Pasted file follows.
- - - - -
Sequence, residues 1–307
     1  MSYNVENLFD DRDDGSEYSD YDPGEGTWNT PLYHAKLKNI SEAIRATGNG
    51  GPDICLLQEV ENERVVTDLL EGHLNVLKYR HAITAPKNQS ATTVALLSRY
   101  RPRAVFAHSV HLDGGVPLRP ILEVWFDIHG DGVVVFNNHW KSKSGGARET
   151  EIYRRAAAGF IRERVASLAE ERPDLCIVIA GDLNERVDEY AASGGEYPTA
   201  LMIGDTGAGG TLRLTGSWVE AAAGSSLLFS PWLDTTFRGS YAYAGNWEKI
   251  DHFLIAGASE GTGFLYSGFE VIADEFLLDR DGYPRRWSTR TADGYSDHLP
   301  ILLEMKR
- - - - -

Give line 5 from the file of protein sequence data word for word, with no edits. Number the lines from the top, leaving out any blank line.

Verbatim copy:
   151  EIYRRAAAGF IRERVASLAE ERPDLCIVIA GDLNERVDEY AASGGEYPTA